We’re at an interesting midpoint in the evolution of attorney promotion. Some attorneys are very savvy — posting robust content to their websites, blogging regularly to social media, posting videos explaining their areas of focus and specialty and writing expert opinion pieces for major media. Some even have cush relationships with producers of cable news-talk shows and at least a few in L.A. are rumored to employ overseas contractors who constantly add keywords to their websites to keep their SEO ahead of the competition.
Other attorneys are apprehensive of any promotion. Their formative years as lawyers preceded the Supreme Court’s 1977 decision allowing attorneys to promote themselves. Their websites haven’t been updated since the Clinton administration.
Those lawyers are in their waning years. They tend to have as much work as they want and don’t want to be bothered. To them, there’s not much promotional advice to offer. To the rest, there’s plenty.
Changes in the economy and in technology have placed a much greater emphasis upon what a potential client can and wants to learn about you online. It’s not just a matter of, “We have the Internet now,” because we’ve had it for a long time. It’s about how a substantial percentage of your potential clients now think and do business differently, and a year from now, that percentage will be even greater. You can have a gorgeous office on the top floor of a Century City high-rise and your firm’s logo on the building, but many millennials won’t be impressed if there’s not a lot they can learn about you by Googling you and browsing your firm’s website. Too many attorneys seem to rush through creating a website. Put some thought, creativity and effort into creating a robust, clean site that highlights your specialties and tells your story. Include a bio, a nice photo and links to your social media pages. Think of the site as a commercial that will replay for free for years to come. Shouldn’t yours be more engaging and appealing than your competitors’ sites?
The general public’s mindset toward attorneys has also shifted in much the same way as its attitude toward doctors. Few are asking around for a good general practitioner. They want the best foot surgeon, or the best dermatologist and they want to see that surgeon’s reviews and articles.
One of L.A.’s top business development specialists for law firms, Jonathan Fitzgarrald of Equinox Strategy Partners, helps lawyers increase their book of business by teaching them how to be more aggressive in going after business, how to become cheerleaders for the success of others at the firm, how to network through myriad organizations and how to better promote and market themselves so that it’s crystal clear to potential clients that the attorney not only has a specialty, but is a recognized specialist.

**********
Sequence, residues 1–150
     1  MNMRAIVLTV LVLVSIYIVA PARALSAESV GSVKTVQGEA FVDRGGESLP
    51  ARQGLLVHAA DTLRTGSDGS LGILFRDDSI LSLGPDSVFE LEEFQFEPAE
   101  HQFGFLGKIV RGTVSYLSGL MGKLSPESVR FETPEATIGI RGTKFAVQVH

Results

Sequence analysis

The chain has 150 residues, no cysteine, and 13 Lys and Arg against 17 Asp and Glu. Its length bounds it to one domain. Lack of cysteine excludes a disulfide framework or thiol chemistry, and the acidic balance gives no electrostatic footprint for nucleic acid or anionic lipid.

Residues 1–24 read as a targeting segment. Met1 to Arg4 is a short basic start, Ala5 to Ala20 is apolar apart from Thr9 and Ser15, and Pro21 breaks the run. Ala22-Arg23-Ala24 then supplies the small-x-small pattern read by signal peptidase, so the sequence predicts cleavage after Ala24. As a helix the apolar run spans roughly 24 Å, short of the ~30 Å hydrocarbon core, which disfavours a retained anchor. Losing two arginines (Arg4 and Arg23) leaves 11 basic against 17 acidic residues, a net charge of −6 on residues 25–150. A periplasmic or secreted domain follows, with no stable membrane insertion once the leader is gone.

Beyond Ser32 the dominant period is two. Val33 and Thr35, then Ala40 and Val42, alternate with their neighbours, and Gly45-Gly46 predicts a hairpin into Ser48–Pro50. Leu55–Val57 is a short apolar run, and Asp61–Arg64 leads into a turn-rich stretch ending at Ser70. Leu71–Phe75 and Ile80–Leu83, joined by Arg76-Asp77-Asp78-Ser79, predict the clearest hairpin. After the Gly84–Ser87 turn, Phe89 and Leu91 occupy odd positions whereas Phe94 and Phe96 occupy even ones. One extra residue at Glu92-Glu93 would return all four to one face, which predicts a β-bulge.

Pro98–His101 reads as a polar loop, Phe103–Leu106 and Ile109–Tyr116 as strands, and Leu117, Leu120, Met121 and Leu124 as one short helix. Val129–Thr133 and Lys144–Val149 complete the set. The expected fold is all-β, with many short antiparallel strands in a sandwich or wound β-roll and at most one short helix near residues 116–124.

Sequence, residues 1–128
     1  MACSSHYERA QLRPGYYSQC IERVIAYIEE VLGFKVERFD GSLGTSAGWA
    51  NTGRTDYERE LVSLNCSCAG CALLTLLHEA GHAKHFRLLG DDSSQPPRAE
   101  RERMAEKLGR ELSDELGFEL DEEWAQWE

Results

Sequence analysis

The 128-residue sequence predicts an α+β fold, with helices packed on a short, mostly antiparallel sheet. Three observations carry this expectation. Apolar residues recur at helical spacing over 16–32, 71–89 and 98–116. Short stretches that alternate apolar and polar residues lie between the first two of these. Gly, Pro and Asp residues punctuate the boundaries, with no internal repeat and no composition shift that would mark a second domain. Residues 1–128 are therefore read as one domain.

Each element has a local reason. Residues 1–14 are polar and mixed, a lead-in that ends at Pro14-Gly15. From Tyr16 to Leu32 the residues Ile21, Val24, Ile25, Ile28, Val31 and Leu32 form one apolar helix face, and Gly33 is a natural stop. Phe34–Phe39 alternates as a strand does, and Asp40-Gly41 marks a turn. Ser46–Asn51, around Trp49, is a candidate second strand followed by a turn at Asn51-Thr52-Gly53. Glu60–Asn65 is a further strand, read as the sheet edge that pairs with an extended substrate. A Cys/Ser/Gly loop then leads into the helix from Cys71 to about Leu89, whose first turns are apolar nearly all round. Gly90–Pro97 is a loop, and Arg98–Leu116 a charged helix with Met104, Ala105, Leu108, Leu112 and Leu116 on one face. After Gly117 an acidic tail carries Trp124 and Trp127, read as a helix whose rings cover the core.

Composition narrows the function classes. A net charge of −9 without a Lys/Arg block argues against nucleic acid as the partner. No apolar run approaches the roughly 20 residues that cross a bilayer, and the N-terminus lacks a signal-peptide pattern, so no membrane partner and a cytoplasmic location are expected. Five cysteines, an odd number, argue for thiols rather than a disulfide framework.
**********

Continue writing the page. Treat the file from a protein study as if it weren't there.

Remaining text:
Fitzgarrald also encourages clients to obtain quotes as experts, meet journalists and secure columns and articles in major media outlets. This creates a form of content promotion that helps on so many levels. These articles go on the firm’s website (often under a “news” or “media” button), on the firm’s Facebook and LinkedIn company pages (which are essential forms of promotion for all attorneys), on their Twitter pages and so forth — not to mention on the pages of the media sites that the attorney is writing for, which is huge because you’re creating an array of material for the potential client who’s Googling you that’s tremendously more impressive than Avvo and Yelp ratings. Additionally, all of this will greatly boost your SEO.
Attorneys who specialize in various, highly competitive areas such as IP, consumer law and entertainment law who don’t apply these tactics will lose business to those that do.
Another old school way of thinking is that these media hits are more ephemeral than other forms of promotion. I would argue that the opposite is true. If you place an ad on the back of a bus, some people will see the ad that month, but most won’t. If you have an article on CNBC.com, the potential client who’s Googling you three years from now will still find that article on the media outlet’s site, on your firm’s website and in other places. In fact, the number of sites that host your item could double in the weeks and months after it first posts as others share it to their LinkedIn pages and other social media sites, as well as being cited by scholars, posted to forums and so forth.
I’ve been impressed by other ways these promotions have helped attorneys obtain speaking engagements, be asked by out-oftown attorneys to handle local cases and be approached to handle major litigation. A Los Angeles judge recently chose one partition referee over another because the first candidate had written an article about partition refereeing that was originally published in 2003 in Receivership News and updated in 2015. That doesn’t seem ephemeral to me at all. Howard Breuer